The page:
SALT LAKE CITY (ABC4) — On Oct. 29, 1992, at 8:46 p.m., four MH-60G Pave Hawk choppers took off from Hill Air Force Base (HAFB), heading into torrential rains, lightning, and heavy cloud cover on their way to Michael Army Airfield in Tooele.
Only three of those choppers made it to base.
One Florida man made it his mission to restore the memorial to these 12 soldiers. Click to read his story.
Around 13 miles away from HAFB, one of the helicopters crashed 100 yards off the northeast corner of Antelope Island with 13 men onboard at 9:15 p.m. Around an hour later, search and rescue crews found a single survivor. Rain, lightning, and strong winds hampered the search all night long, forcing responders to stop at around 4 a.m., waiting for the sun to come up and for the weather to break. As reported at the time by Deseret News, crews continued searching until 11 a.m., when the last bodies were located.
A source who later spoke anonymously to the Associated Press said some bodies were pushed by the tide and winds into deeper waters. Clusters of bodies were spotted from the air and recovered by crews in boats, the source said.
Found dead were a total of five U.S. Army Rangers, including:
- Sgt. Blaine A. Mishak
- Col. John T. Keneally
- Lt. Col. Kenneth W. Stauss
- 1st Sgt. Harvey L. Moore Jr.
- Spc. Jeremy B. Bird
Also found dead were three U.S. Air Force helicopter crew members and four U.S. Air Force Combat Controllers, including:
- Lt. Col. Roland E. Peixotto Jr.
- SSgt. Steven W. Kelley
- Sgt. Philip A. Kesler
- SFI Airman Derek C. Hughes
- Cpt. Michael L. Nazionale
- Sgt. Mark G. Lee
- TSgt. Marck Scholl
Found alive was the pilot, Air Force Maj. Stephan J. Laushine, then 27 years old. Laushine was assigned to the 55th Special Operations Squadron at Eglin Air Force Base in Florida. Laushine suffered cuts on his right leg and over his left eye, in addition to some minor fractures. He also suffered from hypothermia from being in the lake for so long.
It took rescuers an hour to paddle Laushine to shore in inflatable Army Ranger kayaks before he was airlifted to a local hospital. He was listed in “fair condition” by the following morning.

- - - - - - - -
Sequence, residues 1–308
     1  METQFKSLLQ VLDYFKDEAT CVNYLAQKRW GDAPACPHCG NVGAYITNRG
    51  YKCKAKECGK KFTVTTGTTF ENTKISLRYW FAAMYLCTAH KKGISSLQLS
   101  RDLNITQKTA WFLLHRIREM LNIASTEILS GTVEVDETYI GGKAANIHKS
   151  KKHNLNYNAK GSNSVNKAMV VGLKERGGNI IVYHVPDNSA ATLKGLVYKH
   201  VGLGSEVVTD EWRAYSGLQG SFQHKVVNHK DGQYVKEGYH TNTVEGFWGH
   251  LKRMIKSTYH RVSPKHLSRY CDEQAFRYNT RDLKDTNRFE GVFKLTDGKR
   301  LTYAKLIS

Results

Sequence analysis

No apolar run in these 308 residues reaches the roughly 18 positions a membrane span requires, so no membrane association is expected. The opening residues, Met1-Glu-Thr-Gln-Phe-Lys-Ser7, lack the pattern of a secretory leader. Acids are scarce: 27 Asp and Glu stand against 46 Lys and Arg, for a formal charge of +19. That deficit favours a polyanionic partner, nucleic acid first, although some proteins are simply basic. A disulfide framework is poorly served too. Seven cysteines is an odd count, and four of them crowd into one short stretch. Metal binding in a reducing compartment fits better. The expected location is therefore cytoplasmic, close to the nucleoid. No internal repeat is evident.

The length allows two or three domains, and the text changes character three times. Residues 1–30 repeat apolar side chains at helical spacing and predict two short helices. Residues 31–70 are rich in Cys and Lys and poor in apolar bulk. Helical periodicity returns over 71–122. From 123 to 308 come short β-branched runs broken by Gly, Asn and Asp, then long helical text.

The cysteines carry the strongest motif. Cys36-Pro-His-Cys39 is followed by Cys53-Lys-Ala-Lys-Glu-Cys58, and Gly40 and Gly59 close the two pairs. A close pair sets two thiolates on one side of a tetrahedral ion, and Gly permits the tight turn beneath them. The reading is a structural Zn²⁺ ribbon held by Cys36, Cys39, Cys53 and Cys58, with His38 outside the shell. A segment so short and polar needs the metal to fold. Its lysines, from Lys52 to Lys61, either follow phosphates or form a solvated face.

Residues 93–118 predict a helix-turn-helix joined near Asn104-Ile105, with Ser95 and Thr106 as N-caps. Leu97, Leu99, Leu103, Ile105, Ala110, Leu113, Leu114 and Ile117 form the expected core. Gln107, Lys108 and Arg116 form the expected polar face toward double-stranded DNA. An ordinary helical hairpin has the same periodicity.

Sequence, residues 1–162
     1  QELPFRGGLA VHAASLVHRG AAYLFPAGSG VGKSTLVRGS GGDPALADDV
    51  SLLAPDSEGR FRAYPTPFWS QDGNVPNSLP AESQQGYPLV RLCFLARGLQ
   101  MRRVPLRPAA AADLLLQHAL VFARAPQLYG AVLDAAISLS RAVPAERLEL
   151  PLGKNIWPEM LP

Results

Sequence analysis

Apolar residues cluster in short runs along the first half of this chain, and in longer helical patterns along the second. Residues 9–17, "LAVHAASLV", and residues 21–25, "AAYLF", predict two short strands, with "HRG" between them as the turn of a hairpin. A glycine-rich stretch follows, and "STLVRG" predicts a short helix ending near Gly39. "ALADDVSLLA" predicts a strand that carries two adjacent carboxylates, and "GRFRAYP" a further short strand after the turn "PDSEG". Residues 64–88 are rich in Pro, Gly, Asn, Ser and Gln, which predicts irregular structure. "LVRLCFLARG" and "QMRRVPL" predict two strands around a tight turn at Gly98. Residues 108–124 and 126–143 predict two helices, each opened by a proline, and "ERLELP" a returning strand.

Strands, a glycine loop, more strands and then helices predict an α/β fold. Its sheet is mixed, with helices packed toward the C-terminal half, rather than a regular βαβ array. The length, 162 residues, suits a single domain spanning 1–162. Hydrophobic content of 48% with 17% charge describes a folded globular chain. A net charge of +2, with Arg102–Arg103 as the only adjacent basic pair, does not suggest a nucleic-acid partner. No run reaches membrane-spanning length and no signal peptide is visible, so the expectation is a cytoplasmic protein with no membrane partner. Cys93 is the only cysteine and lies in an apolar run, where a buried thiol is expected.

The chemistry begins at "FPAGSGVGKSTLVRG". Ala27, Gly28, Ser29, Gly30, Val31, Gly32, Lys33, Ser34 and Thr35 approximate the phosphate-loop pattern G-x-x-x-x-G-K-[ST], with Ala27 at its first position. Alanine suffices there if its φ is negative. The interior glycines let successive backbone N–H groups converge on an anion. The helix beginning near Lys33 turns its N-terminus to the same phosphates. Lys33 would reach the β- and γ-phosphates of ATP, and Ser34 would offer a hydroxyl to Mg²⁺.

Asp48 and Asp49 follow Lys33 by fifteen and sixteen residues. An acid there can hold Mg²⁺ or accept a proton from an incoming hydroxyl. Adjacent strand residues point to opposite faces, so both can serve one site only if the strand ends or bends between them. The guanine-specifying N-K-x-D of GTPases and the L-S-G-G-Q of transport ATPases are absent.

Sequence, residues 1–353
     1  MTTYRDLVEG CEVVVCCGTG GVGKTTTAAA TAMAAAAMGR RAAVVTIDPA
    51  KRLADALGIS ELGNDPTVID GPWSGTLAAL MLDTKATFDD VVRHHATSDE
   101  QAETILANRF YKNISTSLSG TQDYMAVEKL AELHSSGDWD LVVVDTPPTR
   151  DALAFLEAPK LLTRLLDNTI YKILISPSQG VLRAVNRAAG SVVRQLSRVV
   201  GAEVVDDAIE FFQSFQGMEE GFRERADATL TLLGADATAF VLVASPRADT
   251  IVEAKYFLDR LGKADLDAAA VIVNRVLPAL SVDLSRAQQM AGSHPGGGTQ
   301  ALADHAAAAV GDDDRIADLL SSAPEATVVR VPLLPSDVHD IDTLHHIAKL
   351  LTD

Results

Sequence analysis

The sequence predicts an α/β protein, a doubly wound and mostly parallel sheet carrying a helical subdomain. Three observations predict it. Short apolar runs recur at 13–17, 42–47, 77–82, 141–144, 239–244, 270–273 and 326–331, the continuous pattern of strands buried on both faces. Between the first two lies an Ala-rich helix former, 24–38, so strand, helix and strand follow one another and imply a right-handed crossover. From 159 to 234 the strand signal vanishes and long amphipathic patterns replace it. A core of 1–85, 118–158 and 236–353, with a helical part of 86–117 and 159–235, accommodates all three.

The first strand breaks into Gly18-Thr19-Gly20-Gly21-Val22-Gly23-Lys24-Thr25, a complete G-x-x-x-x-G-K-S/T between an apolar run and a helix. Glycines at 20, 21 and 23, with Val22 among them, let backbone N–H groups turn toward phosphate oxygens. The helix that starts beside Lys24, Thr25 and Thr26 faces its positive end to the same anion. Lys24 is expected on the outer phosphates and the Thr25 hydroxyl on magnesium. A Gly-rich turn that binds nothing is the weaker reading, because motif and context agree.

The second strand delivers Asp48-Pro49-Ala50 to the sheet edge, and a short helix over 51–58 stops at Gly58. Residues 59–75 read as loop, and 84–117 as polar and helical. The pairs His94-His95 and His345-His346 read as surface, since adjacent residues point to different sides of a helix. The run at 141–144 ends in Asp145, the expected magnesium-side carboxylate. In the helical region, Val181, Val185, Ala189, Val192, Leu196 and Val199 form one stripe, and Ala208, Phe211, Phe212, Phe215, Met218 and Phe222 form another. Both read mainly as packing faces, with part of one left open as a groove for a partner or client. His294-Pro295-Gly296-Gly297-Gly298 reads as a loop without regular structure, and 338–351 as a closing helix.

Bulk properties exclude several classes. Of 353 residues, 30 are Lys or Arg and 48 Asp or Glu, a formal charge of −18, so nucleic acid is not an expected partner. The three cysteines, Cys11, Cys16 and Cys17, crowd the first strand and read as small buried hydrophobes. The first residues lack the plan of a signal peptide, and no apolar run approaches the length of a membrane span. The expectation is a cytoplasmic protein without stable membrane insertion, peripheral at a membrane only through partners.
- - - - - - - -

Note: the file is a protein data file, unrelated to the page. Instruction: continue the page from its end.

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The men were based in Georgia, North Carolina, and Florida. Deseret reported the men were part of a joint mobility and readiness exercise of the U.S. Special Operations Command. The Pave Hawk came from Elgin Air Force Base near Ft. Walton Beach, Fla. Their chopper was armed at the time of the exercise. Its primary wartime mission was combat rescue, infiltration, and resupply.
Deseret would later report in 1993 that the crew of the Pave Hawk had not been told by HAFB’s control tower they were flying into hazardous conditions.
“The report, written by a team of military investigators, doesn’t specifically blame anyone or anything for the fatal accident,” stated the article. “Federal privacy laws prevent the disclosure of any disciplinary action that may have been taken, the Air Force said.”
An Air Force report stated the four helicopters were having trouble staying in formation due to poor visibility. Laushine told investigators he “was unsure of what was happening in the flight and experienced a spatial illusion due to the movement of the aircraft ahead of him.”
One of the other Pave Hawks was also about to crash into the water but was saved as other helicopters yelled at him through the radio to pull back up. Laushine, however, decided at the last moment to try to return to base, according to the report. He did not tell any of the other pilots of his decision.
The last thing Laushine reported seeing was that his altimeter only showed the aircraft at 35 feet. Then, as he tried to pull up, it crashed.
Laushine is not expected to attend this weekend’s memorial service.